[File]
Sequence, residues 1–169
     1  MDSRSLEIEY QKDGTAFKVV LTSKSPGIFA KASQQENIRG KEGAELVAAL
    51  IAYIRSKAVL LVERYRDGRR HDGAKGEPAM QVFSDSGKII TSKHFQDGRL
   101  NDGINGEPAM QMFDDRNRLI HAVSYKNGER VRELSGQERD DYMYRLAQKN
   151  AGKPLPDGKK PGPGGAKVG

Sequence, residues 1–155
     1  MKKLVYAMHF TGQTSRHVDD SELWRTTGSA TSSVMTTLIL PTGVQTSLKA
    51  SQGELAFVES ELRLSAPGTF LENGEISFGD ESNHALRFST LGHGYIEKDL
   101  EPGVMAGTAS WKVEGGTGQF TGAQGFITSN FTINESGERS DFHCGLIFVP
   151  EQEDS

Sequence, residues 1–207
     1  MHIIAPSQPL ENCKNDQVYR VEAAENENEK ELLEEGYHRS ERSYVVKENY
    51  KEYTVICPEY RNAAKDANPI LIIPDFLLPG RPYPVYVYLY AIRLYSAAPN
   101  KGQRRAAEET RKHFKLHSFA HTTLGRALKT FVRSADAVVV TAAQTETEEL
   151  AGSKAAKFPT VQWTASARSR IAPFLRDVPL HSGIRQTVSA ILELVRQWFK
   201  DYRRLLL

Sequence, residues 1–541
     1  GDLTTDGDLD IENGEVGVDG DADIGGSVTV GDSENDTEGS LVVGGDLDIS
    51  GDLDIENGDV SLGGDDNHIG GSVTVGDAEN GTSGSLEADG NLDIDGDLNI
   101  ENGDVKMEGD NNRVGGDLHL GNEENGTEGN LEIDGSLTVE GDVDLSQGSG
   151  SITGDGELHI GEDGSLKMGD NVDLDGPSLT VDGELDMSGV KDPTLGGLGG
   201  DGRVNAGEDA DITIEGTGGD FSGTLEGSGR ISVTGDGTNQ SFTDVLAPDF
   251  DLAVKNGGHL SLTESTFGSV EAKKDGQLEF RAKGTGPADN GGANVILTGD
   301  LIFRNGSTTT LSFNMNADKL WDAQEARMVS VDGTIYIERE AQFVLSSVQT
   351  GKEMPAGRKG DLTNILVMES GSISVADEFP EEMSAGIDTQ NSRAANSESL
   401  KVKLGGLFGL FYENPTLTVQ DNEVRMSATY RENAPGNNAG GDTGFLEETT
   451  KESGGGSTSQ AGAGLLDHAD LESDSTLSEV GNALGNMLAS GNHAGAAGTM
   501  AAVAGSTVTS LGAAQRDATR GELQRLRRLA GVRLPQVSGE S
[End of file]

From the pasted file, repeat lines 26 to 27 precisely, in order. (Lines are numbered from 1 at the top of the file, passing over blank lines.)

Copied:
   401  KVKLGGLFGL FYENPTLTVQ DNEVRMSATY RENAPGNNAG GDTGFLEETT
   451  KESGGGSTSQ AGAGLLDHAD LESDSTLSEV GNALGNMLAS GNHAGAAGTM